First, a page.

New catch-and-release fishing video

Posted: Friday, July 3, 2020
Help protect the waters that sustain our recreational fishing.

New video offers catch-and-release fishing tips, tricks in time for Ontario’s family fishing event from July 4 – 19

Davin Heinbuck, of Ausable Bayfield Conservation, instructs young people on some of the ways to catch and release fish

Ontario’s next family fishing event runs from July 4-19, 2020. A new video, with fishing tips and tricks, has been prepared in time to help you enjoy this chance to fish licence-free.

The video features angler Davin Heinbuck, who is Water Resources Coordinator with Ausable Bayfield Conservation Authority (ABCA). The video has been shared by the Foundation for Education Perth Huron, at found4education, as part of their new Art of Life video series.

Watch the video now:

The series features local personalities, artists, and community members creating content to encourage and educate young people during the current pandemic.

The video will also be posted in the coming days to Ausable Bayfield Conservation’s YouTube channel and Facebook page.

For many years, ABCA staff have hosted fishing workshops for youth in Ausable River Watershed and other watersheds along Lake Huron’s southeast shore. This year, during the current coronavirus (COVID-19) pandemic, staff teach about catch-and-release fishing through the means of the new video. It is a way to promote responsible angling and protection of our resources while not having people in the close proximity of a workshop.

The new video is part of a public awareness campaign by Healthy Lake Huron – Clean Water, Clean Beaches. The partnership works to keep Lake Huron’s southeast shore clean for recreation (such as fishing), as a source of raw drinking water for treatment, and for people to enjoy. The partners say we are all a “piece of the puzzle” (#pieceofthepuzzle) in keeping a Healthy Lake Huron (#healthylakehuron) from land to lake (#landtolake).

Young people are invited to try out the sport of fishing in the Great Outdoors, while practising social physical distancing and other safe actions recommended by public health authorities. Youth are also asked to practise catch-and-release fishing so fish can grow to be caught again. Opportunities for great summer-time fishing exist across the Ausable Bayfield Conservation watershed.

The Ausable River is home to many sought-after species of fish, such as Smallmouth Bass, Channel Catfish, Walleye, and Northern Pike. The Old Ausable Channel is home to Sunfish, Yellow Perch, Largemouth Bass and Northern Pike, while Morrison Dam Conservation Area provides angling opportunities for Largemouth Bass, Yellow Perch, and White Crappie. Parkhill Reservoir and Conservation Area offers exceptional fishing for record class White Crappie, and Largemouth Bass.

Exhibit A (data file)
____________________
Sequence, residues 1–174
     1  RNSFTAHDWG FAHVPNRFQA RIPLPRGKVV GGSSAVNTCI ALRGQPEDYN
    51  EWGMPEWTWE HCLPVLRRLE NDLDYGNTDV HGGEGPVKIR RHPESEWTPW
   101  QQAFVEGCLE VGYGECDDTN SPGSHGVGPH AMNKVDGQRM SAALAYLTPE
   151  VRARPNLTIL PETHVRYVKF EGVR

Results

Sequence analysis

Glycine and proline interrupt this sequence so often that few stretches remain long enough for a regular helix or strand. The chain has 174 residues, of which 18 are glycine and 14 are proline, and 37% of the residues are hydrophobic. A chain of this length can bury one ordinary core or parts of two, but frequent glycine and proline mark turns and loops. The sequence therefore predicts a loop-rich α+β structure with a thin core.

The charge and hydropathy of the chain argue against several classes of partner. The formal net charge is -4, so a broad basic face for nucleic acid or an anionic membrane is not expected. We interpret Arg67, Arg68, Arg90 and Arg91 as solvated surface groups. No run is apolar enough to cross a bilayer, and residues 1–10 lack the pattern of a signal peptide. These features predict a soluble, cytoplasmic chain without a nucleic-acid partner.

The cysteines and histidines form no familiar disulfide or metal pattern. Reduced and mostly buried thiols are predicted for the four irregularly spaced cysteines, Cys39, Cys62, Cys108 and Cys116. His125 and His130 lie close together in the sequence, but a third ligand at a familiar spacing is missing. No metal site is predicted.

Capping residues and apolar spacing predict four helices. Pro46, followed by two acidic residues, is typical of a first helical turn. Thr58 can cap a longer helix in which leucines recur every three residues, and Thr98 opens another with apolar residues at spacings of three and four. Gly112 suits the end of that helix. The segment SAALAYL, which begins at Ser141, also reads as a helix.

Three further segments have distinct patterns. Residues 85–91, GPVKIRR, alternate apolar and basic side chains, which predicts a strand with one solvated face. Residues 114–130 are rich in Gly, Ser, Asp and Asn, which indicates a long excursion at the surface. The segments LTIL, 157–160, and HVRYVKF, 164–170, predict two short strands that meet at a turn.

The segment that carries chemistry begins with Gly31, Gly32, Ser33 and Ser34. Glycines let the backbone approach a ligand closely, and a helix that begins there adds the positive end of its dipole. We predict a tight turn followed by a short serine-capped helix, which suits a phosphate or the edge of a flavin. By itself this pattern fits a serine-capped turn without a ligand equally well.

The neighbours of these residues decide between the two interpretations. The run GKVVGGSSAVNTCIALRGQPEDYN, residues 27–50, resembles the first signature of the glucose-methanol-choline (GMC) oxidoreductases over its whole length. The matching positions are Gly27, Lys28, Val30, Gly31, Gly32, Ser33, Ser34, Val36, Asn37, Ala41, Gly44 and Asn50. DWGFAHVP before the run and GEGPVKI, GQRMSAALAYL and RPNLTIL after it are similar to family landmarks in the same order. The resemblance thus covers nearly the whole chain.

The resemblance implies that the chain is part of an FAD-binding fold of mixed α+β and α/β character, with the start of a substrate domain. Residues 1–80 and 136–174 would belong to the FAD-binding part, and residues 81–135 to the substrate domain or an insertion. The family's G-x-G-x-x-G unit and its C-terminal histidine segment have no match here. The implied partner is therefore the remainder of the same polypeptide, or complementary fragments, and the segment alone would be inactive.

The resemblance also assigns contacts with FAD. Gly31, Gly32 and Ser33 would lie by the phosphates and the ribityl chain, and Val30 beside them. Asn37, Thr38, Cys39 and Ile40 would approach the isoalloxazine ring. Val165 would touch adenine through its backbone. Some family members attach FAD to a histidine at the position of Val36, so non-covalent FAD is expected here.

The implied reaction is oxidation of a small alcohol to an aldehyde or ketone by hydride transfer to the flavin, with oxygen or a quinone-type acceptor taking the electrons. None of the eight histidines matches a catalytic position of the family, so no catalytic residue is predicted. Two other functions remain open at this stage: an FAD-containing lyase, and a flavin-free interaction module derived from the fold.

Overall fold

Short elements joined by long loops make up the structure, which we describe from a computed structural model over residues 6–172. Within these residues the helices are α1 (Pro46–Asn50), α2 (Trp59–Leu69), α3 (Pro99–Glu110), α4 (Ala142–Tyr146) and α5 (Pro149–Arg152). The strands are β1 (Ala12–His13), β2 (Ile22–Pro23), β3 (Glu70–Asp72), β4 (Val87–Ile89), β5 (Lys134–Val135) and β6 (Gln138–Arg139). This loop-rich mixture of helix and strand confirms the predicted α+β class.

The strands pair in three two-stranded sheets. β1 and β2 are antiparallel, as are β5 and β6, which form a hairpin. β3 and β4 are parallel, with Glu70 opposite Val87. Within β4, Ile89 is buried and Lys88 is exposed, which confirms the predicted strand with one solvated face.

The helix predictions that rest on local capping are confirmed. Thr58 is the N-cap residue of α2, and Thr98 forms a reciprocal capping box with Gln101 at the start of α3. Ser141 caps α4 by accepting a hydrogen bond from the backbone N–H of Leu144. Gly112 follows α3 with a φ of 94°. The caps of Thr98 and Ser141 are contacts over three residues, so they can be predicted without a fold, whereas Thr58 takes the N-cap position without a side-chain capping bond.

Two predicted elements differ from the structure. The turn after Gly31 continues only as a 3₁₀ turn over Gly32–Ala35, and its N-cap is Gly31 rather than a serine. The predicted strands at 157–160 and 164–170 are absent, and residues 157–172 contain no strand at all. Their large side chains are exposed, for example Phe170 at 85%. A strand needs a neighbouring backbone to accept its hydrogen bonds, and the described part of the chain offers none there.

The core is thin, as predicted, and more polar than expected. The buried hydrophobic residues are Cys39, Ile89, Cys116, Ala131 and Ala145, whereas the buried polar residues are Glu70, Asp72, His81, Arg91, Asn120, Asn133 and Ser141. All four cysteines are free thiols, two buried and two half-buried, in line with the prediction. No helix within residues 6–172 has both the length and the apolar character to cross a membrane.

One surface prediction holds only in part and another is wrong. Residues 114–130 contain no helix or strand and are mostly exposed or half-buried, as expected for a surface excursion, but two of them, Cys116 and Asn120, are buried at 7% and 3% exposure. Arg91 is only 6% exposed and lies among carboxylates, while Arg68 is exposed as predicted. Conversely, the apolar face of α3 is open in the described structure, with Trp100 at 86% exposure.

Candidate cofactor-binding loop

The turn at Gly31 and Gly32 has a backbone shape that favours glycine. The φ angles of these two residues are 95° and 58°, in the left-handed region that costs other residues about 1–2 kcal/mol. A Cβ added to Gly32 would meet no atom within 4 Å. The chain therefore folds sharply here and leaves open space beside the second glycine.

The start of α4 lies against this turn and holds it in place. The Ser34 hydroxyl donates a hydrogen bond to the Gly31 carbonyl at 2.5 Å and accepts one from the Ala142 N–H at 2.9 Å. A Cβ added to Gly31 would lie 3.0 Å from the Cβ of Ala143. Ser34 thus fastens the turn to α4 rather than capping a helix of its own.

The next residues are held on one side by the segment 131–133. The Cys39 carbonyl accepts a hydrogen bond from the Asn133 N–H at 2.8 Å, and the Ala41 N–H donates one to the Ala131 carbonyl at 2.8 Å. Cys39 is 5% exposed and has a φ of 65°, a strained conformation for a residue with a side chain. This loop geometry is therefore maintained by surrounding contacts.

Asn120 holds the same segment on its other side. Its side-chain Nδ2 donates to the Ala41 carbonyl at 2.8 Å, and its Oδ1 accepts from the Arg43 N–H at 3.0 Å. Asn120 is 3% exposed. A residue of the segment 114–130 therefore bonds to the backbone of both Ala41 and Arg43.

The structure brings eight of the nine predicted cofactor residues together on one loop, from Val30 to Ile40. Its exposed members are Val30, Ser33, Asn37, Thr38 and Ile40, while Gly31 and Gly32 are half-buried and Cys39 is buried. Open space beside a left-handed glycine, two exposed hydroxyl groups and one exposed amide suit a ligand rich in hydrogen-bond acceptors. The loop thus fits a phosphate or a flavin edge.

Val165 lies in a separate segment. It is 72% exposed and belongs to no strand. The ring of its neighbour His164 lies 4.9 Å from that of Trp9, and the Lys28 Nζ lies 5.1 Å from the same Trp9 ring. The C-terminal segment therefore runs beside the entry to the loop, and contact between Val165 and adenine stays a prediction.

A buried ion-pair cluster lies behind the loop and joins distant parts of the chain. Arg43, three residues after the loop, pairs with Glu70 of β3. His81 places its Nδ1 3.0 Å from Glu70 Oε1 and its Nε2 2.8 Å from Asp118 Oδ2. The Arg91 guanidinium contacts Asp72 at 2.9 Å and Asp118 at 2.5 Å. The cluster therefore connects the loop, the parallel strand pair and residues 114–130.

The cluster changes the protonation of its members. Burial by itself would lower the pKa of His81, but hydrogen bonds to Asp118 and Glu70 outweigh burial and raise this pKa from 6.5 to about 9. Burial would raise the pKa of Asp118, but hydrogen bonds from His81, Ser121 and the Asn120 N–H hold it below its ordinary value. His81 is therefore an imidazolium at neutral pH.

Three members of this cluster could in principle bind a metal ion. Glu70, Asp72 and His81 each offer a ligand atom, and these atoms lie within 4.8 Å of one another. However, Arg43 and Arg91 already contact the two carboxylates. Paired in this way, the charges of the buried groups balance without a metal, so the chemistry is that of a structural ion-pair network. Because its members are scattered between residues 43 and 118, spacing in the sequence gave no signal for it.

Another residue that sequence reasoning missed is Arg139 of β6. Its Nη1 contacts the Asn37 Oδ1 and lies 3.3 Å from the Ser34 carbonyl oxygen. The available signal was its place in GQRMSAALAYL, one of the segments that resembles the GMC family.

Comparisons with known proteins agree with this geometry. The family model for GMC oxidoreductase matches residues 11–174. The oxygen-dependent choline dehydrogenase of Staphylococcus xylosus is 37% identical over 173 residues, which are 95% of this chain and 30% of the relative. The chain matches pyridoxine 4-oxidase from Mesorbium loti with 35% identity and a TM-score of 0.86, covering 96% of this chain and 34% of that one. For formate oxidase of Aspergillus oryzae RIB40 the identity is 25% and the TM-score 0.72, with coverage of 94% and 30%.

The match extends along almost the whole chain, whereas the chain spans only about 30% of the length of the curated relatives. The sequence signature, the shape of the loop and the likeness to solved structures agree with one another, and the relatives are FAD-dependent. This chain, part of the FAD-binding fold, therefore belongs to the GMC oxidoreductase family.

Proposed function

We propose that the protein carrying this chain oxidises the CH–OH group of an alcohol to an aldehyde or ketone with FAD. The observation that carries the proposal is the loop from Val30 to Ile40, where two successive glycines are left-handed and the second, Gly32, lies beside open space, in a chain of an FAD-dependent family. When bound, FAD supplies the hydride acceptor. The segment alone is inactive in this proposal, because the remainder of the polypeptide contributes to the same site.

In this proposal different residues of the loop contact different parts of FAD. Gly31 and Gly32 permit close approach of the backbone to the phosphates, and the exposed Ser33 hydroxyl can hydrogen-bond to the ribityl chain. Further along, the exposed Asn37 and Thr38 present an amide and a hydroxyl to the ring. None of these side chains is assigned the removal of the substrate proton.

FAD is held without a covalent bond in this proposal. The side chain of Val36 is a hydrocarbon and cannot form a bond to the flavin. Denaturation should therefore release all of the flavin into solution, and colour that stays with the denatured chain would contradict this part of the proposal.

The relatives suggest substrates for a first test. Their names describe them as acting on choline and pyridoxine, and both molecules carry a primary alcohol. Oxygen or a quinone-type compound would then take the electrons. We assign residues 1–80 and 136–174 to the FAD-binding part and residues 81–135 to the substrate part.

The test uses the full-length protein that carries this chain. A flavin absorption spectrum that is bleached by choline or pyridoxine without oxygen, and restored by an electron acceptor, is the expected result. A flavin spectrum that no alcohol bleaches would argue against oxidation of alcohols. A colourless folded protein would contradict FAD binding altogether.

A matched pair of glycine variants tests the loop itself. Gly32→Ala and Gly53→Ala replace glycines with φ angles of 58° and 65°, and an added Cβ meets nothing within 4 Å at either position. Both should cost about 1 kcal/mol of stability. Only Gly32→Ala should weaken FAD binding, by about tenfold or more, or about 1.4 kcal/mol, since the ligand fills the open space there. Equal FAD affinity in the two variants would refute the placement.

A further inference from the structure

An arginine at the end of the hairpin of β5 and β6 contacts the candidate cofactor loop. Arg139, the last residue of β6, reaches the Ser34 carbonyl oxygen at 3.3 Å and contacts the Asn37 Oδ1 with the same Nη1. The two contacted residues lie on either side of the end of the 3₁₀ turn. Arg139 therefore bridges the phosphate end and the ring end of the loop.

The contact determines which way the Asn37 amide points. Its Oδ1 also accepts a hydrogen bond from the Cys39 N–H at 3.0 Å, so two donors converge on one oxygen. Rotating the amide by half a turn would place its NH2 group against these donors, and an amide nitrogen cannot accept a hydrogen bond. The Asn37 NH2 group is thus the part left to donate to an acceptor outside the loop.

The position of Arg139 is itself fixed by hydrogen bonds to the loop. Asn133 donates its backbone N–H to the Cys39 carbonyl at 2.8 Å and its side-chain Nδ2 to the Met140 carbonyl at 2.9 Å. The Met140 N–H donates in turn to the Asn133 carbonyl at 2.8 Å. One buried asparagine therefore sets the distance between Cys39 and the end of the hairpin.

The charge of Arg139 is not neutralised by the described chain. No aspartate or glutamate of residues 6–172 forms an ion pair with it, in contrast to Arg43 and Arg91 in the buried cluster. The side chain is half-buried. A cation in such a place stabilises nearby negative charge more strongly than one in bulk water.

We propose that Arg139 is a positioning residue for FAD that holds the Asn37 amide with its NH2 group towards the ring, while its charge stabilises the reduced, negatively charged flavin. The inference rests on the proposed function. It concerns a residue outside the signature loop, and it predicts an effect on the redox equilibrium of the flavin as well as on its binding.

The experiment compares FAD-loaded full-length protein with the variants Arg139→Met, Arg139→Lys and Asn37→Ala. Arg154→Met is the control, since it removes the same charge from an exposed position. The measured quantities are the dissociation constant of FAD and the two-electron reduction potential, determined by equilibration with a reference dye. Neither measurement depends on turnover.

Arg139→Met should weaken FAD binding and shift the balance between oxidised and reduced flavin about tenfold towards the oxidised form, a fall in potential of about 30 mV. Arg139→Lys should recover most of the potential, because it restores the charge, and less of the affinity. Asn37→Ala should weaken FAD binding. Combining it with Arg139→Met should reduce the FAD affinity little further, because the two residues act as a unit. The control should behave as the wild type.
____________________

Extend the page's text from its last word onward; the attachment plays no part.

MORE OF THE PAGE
The Bayfield River is a popular spot for Smallmouth Bass, Salmon in autumn, and Rainbow Trout in the spring. The river mouth areas of the Ausable and the Bayfield rivers offer additional opportunities to catch a wide range of fish species both large and small. Fishing spots are nearly endless but remember to respect private property.

The Ausable River is one of the nationally important watercourses in our area where fish are found. The Ausable River supports one of Canada’s most diverse communities of aquatic animals, including 26 species of freshwater mussels and 85 species of fish. If you live in Ausable River watershed, and you would like to find out about actions you can take to improve habitat for local aquatic species and grants that may be available as incentives to help you do stewardship projects, email or call toll-free 1-888-286-2610. 

The government of the Province of Ontario has designated four periods throughout the year as licence-free as a province-wide chance for Canadian residents to fish Ontario waters without the otherwise mandatory fishing version outdoors card.

The Ontario website says licence-free periods “ ...remind us of the value of Ontario’s recreational fishery, and the importance of keeping it healthy for future generations.”

Anglers must follow conservation licence catch limits; obey size limits and sanctuaries; and follow fishing regulations.

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